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All,

so, I inventedmade up a simple protocol that I want to use for a client to talk to a server. It's the typical (I think) three-phase layout:

  • Connection Establishment (will eventually include capability negotiation)
  • Actual Data Exchange - packets are happily travelling to and fro', get interpreted by the respective receiver which acts on them accordingly
  • Connection Teardown - one side says "don't wanna no more', other side says 'so be it' (will eventually allow the other side to send some data until it is done instead of simply closing the conversation)

The framework is a simple setup: The server does java.net.ServerSocket.accept() and starts a thread to handle the incoming connection by a client, which creates a java.net.Socket() to the host/port where the server is waiting. Both sides use the java.io.InputStream and java.io.OutputStream and spew data at each other, assembling outgoing and parsing incoming messages. Fine, so far.

So far, the protocol is hard-coded. Connection Establishment and Teardown are pretty much ok, while the Data Exchange part - which I want to be full-duplex - is pretty much a mess.

So, thinks me, let's do this the good way and set up a state machine using, surprise, the design pattern of the same name. I'm pretty clear about what the states should be for the server and the client, respectively, and what kinds of events should happen for a transition to take place, and what actions should be undertaken when a transition does happen. That looks good - on paper, that is. In practice, I've stubmled over a couple of questions that I can't solve on paper.

In particular, the inputs of the state machine are ... a little diverse. How could I possibly be able to write data, read data and check the connection (it might have closed or may be broken) at the same time? Also, the 1st and 3rd phase should get timers to avoid potentially infinite waiting times for answers.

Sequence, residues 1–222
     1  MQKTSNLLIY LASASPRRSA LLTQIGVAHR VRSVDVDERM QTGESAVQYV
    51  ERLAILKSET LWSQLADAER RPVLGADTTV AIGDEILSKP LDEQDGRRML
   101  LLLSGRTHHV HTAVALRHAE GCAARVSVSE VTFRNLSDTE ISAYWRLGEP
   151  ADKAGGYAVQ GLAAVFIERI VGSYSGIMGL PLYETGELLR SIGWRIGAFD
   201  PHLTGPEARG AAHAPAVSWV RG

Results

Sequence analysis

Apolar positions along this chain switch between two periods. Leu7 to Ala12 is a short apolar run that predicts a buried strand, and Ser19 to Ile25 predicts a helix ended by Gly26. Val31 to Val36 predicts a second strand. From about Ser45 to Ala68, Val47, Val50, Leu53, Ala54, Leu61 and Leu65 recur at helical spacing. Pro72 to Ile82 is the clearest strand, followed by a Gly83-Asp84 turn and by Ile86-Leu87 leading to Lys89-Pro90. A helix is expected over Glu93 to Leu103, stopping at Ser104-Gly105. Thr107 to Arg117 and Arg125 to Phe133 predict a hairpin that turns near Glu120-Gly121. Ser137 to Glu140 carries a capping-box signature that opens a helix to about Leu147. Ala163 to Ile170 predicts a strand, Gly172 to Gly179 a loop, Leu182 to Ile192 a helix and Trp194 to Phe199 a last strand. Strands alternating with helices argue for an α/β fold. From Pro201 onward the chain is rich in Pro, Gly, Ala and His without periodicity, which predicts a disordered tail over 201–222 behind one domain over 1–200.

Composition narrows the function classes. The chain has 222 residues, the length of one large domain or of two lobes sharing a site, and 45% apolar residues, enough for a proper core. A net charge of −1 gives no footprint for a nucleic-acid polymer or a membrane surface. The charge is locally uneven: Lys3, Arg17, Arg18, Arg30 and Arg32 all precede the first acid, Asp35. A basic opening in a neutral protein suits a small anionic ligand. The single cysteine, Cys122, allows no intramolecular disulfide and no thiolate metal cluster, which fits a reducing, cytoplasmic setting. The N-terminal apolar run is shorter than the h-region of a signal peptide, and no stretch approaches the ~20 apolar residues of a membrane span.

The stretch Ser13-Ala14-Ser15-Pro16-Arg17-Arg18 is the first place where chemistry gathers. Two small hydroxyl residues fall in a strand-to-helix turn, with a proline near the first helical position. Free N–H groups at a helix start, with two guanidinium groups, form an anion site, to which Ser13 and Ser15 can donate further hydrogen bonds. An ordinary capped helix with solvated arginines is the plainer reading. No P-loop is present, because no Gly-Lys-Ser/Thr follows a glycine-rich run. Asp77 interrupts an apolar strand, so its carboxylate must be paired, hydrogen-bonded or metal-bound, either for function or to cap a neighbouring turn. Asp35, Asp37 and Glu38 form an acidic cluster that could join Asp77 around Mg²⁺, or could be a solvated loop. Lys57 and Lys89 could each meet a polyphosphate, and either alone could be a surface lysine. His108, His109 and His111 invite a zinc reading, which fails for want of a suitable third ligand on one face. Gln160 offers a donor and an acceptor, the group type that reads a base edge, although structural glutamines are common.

So, I'd be grateful for any help that bridges my gap between the theory state machine and the code state machine.

BTW, I can read C/C++/C# too - no need to translate to Java (which is what I'm using).

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The state for your machine needs to be stored per "Connection"

Each client connecting might be in a different state. So if you had an object tracking your state, you would have an instance of that object for every connection.

I actually wrote a little library that abstracts out just about everything from the state machine if you're interested. There is some test code in there as well that should show you how to work it. State Machine Code

It does some stuff you might forget, like ensuring that state transitions that are not "valid" are actually an error rather than maybe being missed, and logging state transitions is free.

ps. (Anyone) If you look at it and don't like it--please let me know why. I'd like to make it usable for anyone.

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